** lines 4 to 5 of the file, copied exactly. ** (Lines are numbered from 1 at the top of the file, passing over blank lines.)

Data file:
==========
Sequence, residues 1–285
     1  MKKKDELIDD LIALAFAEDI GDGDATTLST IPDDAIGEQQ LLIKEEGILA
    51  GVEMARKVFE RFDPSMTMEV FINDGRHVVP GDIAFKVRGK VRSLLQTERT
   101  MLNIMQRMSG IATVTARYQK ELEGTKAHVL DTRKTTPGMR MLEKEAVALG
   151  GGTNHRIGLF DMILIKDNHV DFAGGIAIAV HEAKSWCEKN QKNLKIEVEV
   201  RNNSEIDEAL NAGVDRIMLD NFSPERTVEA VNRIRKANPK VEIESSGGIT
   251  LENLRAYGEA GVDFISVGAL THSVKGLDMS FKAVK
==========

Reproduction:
   101  MLNIMQRMSG IATVTARYQK ELEGTKAHVL DTRKTTPGMR MLEKEAVALG
   151  GGTNHRIGLF DMILIKDNHV DFAGGIAIAV HEAKSWCEKN QKNLKIEVEV